Another thing to be cautious of is if they include work study on your financial aid award letter. If they put work study in the offer, that money can help pay for college. Work study money is considered financial aid though. It is a need based program, and it is considered a stipend. It is non-taxable which is great. Students can make money, and they can choose to take it or apply it toward their tuition bill.
When you look at work study, you really need to be careful. Do you want your student working? Is your student someone you want to have working especially in that freshman year? In addition, consider is that money going to be applied towards tuition or is that money needed for extra living expenses--walking around money so to speak. When they put work study on the aid award letter, they will show a reduced amount due. Be careful because although you don't have to pay today, you will have to work to earn it. Make sure you are looking at that carefully.
The last piece on self-help would be the Parent Plus loan which is a federal loan program that we have seen a lot of families get into big trouble with. The Parent Plus loan is not a need based program. Every parent will qualify for it. Many schools will show that you can make up any gap between the cost and the aid with a Parent Plus loan. You can get a Parent Plus loan up to the entire cost of attendance at the university. If a school costs $25,000, you can take out a Parent Plus loan for up to $25,000 minus any scholarships and other aid. If the school costs $25,000 and they gave you a $10,000 scholarship, you can take out up to $15,000 in a Parent Plus loan.
The problem with filling the gap with a Parent Plus loan is people don't begin with the end in mind--thinking about what the total loan balance will be at the end of four years. There is very easy money there. The loan only takes 48 to 72 hours, and you can be approved for a significant amount. If you took out $25,000 per year over four years, the parent finds themselves with $100,000 liability. Most parents we see are in their 40s to early 50s, and they would like to retire someday. If you take that amount of student loan out, you've essentially got a new mortgage. So we're very cautious about Parent Plus loans because of the way they show up on the aid award letter. Yes, money is available, but only take those dollars if it is really to fund a small gap. Last note on the Parent Plus loan, the interest rate is currently 6.84%, but it does adjust every year in July. The Parent Plus Loan also comes with a HEFTY 4.272% origination fee. OUCH!
While we're on the topic of loans, we advocate that you know down to the penny how much you expect to need in loans to fund education over all four years. A couple of reasons this knowledge is important. We always advocate you should never take out more in student loans than you anticipate making in the first year of your career. That ensures you won't have an over burdensome student loan payment on the back end. We want to know the total loan amount for four years because that really tells us if this institution is worth it to get the degree we want. So if we're going to come out making $40,000, you should not take out more than $40,000 in student loans. Even above that, we suggest not taking more than the total Federal Stafford loan we talked about before. $27,000 in student loans is manageable but is also a serious debt as you are starting out. Finding schools with a net cost that doesn't have your student taking on more than $27,000 is a great goal.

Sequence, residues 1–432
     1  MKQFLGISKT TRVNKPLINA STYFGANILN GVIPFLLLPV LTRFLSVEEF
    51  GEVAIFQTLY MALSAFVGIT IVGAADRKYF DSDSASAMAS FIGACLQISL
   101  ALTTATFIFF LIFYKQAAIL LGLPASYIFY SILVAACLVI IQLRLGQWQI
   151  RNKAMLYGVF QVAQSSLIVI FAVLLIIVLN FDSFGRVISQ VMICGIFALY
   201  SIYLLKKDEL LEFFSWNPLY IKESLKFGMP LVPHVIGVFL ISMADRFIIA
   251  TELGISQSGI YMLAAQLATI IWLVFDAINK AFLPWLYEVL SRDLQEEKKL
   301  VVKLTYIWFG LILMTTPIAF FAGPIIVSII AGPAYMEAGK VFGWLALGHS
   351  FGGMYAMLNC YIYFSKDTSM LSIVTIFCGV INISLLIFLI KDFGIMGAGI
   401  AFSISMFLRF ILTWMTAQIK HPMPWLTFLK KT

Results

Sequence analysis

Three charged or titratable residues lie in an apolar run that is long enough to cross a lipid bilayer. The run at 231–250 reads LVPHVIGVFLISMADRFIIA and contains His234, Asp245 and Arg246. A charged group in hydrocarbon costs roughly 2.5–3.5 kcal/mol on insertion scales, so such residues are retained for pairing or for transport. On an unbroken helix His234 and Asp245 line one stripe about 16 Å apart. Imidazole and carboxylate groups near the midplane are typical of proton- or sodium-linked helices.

Also be aware, the Stafford loans are use it or lose it loans meaning you have a certain amount available each year and if you don’t take that amount, you cannot take it in a future year. Sometimes people will say we have some money set aside so we’ll just pay for the freshman year out of our 529 college savings plan, and then we’ll take out loans later on in the education. Remember you are capped at a certain amount each year. You may find yourself short on a future year because of the caps.
Federal Stafford loans are some of the best loans you can get due to competitive interest rates and flexibility upon repayment. If you think you will need to cover a gap with loans, knowing what the total amount to fund the education over all four years can allow you to plan how to use Stafford loans and your other resources equally over time to avoid a gap. The main takeaway...avoid Parent Plus loans or private student loans by utilizing everything you can from the Stafford loan program each year first.
By knowing the total student loan amount, you can project the total student loan payment on a 10-year standard repayment schedule. The loan providers are more than happy to have you stretch these payments out over 20 plus years because they make twice as much interest from you. Also, do you really still want to be paying off student loans when you are 45? Compare each institution side by side, and project what the total loan amount you would take will be and also what the monthly payment will be when your student graduates. Knowing the monthly payment make’s it real! You can find good tools online to estimate a student loan payment.